Your opinion on this is something that I would heavily disagree with. The coefficient of friction between the clay and paint with a sufficient lubricant layer is equivalent to what you will have when washing the vehicle.I see the word clay bar thrown around a lot around here and I believe there is some misconceptions for clay bar. Clay bar is quite aggressive to the paint, and if you do it too often, you'll literally strip the clear coat away. Therefore, you only clay bar when you need it.
Now, that is not to say there is zero friction. But what you are implying will happen is at a rate impossible to achieve in a lifetime.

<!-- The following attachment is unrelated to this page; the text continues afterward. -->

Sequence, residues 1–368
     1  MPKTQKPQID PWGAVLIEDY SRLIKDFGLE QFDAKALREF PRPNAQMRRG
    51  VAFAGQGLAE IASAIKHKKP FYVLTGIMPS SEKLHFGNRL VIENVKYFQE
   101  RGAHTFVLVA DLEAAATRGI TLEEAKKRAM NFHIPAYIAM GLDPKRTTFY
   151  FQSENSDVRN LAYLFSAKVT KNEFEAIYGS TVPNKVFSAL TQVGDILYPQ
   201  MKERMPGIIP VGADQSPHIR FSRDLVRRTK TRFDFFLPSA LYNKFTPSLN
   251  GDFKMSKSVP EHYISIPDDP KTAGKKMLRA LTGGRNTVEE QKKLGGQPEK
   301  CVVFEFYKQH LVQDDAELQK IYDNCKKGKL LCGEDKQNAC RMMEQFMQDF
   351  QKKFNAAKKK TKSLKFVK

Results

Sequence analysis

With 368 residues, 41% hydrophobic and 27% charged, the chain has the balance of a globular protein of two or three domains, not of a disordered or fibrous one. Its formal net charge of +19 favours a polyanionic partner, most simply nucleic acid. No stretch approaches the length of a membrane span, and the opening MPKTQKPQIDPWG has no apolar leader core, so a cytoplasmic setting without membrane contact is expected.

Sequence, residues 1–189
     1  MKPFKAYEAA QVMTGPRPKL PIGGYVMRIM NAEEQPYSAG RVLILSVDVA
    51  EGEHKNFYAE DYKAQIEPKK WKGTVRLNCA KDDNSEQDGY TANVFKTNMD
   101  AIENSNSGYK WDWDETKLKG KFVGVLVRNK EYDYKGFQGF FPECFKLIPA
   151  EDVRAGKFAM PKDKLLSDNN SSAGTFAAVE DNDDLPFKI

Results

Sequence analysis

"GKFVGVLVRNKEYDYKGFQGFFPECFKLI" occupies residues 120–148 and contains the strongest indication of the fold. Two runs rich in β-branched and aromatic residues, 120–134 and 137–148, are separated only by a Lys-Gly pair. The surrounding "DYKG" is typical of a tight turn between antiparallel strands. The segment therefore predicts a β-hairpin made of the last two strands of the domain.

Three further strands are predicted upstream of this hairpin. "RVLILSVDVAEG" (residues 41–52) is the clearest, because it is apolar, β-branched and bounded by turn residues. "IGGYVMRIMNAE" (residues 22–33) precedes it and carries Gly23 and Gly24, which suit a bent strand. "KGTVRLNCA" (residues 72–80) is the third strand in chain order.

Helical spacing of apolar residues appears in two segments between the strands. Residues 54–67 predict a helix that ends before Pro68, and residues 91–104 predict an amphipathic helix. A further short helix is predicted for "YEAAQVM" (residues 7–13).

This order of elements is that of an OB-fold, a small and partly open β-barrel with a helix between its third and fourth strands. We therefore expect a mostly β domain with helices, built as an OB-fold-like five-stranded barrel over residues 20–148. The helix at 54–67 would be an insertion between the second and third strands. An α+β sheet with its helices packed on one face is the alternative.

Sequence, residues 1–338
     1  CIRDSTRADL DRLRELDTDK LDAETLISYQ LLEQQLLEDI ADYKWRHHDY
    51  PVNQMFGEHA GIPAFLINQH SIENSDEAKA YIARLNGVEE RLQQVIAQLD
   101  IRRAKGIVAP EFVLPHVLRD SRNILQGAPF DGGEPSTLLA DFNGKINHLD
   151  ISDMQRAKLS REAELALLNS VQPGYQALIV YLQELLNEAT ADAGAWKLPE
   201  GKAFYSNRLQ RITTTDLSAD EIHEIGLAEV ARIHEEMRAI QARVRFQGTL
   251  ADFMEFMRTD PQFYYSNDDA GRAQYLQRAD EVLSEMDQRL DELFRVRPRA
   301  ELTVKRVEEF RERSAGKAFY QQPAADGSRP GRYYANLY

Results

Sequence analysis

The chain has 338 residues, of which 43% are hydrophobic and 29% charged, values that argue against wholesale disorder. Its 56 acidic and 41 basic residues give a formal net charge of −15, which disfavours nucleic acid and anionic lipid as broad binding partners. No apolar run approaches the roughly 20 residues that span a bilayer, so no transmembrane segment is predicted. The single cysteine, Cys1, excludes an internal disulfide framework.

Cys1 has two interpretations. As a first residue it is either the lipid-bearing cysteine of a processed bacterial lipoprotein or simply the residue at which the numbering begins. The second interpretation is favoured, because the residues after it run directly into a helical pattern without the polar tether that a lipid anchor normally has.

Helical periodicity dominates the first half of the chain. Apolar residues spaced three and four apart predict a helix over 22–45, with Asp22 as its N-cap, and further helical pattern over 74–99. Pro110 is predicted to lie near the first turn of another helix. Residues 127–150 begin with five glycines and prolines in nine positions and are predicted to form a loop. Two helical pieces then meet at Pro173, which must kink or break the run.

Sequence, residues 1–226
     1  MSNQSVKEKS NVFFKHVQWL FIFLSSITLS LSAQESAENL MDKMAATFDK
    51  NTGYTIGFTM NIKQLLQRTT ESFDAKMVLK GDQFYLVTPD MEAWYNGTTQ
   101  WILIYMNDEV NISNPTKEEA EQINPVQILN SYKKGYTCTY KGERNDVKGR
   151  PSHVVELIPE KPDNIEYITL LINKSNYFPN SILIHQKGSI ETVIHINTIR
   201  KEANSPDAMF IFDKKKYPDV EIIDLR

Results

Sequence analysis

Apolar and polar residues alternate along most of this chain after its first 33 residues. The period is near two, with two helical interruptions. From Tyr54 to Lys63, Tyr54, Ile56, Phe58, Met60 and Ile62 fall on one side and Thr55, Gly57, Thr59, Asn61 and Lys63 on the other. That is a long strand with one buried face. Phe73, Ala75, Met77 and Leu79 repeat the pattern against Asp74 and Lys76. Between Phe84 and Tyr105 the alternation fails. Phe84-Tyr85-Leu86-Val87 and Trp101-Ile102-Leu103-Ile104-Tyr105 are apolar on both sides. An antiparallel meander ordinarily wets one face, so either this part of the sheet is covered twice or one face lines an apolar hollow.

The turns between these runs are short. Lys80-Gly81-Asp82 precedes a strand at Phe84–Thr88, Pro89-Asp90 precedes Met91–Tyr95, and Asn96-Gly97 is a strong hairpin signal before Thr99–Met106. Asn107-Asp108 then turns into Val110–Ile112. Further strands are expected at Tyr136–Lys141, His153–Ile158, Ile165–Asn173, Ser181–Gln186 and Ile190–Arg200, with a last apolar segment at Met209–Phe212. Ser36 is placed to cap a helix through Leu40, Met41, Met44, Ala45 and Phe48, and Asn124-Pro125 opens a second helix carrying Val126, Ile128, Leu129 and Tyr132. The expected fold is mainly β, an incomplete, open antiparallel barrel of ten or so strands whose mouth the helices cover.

Modern clear coats are ~20 microns thick. You might achieve loss of 5 microns over the paints natural lifetime (~20 years) with VIGEROUS washings, dryings and clay bar on a weekly basis. I'll take my chances with clay barring the car and not anticipating the factory paint (or me) to last another 80 years.
Full disclosure: I've worked in detail shops specializing in restorations of classics to show-prep for exotics. The "urban legends" of the mysterious and often-confused clay bar is as broad as it is exhaustively tiresome to dispel.
Back on topic.... If you have more than one vehicle and are planning on doing adequate, regular cleanings of the vehicle, I would highly suggest migrating to the "clay towel" for speed of cleaning and cost savings. Have been very impressed with these products after initial skepticism. And you need to do just as much paint correction after using one of these as you do after using a clay bar..... WHICH IS TO SAY "ZERO". Your vehicle needed paint correction before using a clay bar if it needed paint correction afterward.